The final preseason game is always a little bit ridiculous. Neither team really wants to be there and the few starters that actually suit up don’t stay on the field for long. It usually ends with some unknown running back getting 20 second half carries as the team tries to run the clock out and get on to preparation for Week 1 as soon as possible.
That being said, there are a few compelling reasons to tune in for this one.
Rishard & Rak Return?
The Titans got great news this week when Rishard Matthews was activated off the PUP and returned to practice. For all the progress that Corey Davis, Taywan Taylor, and Tajae Sharpe have shown over the offseason, Matthews is still the most reliable receiver on the roster. He’s led the Titans receiver room in receiving yards and touchdowns each of the past two seasons. Getting Matthews back on the field will be a huge help for Marcus Mariota and the passing game.
Vrabel said that they “might target Rishard for Thursday” which means there is a chance that we see #18 on the field briefly as he continues to try to knock the rust off prior to Week 1 in Miami. If he does play — and that’s a pretty big “if” — I would expect it will just be for a series or two at most.
There is also a slim chance that we’ll see Brian Orakpo get a few snaps on Thursday after he returned to practice for the first time since injuring his shoulder on the second day of training camp. Like Matthews, Rak is a steady, productive veteran who will be a big asset for this team as they get geared up for meaningful football.
The Titans sent a 2019 6th round pick to the Ravens on Tuesday in exchange for linebacker Kamalei Correa. Correa is expected to play mostly as an edge rusher/outside linebacker in Tennessee, though he can also contribute as an inside linebacker as needed. He has the benefit of two years experience in a Dean Pees defense which should help him hit the ground running, but getting some snaps with new teammates in a live game setting could be helpful for the newcomer.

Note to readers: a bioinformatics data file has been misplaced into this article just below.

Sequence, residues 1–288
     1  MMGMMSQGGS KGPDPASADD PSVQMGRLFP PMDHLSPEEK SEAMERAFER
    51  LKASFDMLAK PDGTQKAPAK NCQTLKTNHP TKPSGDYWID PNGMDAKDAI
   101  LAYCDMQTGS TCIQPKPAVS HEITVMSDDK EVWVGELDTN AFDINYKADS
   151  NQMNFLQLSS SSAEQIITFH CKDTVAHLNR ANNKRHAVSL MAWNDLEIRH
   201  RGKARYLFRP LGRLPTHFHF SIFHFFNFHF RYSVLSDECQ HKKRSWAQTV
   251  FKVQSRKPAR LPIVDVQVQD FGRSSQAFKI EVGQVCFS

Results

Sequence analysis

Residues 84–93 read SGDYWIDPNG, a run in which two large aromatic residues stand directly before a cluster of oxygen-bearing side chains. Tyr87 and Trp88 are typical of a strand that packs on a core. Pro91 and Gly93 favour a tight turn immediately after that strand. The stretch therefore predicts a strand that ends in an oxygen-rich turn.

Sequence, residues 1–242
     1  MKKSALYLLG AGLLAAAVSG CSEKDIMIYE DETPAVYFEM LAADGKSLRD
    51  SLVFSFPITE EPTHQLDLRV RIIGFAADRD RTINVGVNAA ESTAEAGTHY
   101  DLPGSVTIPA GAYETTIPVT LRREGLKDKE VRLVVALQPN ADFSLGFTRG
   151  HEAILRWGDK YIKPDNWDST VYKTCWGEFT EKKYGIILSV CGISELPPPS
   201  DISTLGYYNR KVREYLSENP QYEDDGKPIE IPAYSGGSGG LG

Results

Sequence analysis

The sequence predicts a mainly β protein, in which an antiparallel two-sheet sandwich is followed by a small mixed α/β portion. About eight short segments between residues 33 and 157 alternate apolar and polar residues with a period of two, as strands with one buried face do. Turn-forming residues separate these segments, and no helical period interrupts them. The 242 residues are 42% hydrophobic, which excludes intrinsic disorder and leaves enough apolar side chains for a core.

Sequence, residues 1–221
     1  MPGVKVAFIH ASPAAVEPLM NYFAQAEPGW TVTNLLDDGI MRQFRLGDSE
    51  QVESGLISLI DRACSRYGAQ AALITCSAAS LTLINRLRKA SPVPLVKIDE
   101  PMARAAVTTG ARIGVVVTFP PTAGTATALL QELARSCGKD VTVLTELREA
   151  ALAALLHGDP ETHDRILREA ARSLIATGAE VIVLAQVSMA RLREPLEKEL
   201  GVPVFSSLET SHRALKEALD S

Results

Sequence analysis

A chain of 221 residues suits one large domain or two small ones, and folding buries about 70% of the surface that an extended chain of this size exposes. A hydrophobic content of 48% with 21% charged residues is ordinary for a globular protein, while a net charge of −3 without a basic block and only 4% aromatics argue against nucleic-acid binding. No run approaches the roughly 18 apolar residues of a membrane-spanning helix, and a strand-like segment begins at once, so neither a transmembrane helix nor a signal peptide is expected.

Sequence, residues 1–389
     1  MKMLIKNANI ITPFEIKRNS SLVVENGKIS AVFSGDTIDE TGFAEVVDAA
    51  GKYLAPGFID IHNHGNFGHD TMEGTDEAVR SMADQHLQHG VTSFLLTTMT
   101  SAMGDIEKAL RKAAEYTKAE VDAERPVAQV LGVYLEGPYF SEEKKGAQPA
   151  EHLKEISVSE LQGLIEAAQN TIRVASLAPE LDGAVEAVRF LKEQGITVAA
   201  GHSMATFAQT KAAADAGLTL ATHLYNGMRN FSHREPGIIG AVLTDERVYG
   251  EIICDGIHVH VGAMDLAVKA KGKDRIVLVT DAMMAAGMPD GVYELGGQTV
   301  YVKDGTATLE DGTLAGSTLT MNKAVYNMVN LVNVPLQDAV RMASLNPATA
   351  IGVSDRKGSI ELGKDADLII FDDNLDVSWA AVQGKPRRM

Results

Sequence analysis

Derrick Morgan is still recovering from a torn meniscus and likely a couple weeks away from a possible return. To make matters worse, on Tuesday Harold Landry and Sharif Finch were both absent during the portion of practice open to the media while Aaron Wallace and Brian Orakpo were doing side work with other players easing back in from injuries. That would leave Josh Carraway and Tobenna Okeke as the top two fully healthy edge rushers on the roster. No offense to those guys, but it’s no wonder Jon Robinson felt compelled to make a move for Correa.
Even though Correa has played for Pees before, the Titans defense is unlikely to be exactly the same as what he was running in Baltimore. It would make sense to me for him to see a good number of reps on Thursday to help speed up his integration in to the outside linebacker rotation. Depending on the status of guys like Morgan and Landry and Wallace over the next couple weeks, it’s possible that Correa could be an opening day starter for the Titans.
This is normally the biggest reason to watch the final preseason game and it should still provide some interest despite the possible overshadowing from Matthews, Orakpo, and Correa. I feel like most of the roster has been determined at this point, but there are still a few spots that could swing on a big performance Thursday night. A few that I’m interested in:
- Akrum Wadley vs Dalyn Dawkins: Will the Titans keep 4 RBs and if so, which of these two gets the nod? The wrinkle here is whether or not Wadley will be healthy and available Thursday night. He could use a good final impression before cut down day in my opinion.
- Darius Jennings vs Deontay Burnett vs Devin Ross: We know the top 4 WRs, but there is at least one and possible two spots for other receivers to make the final cut. With Nick Williams likely to miss Thursday night with a hamstring injury, this is the chance for one of the young guys to make a move.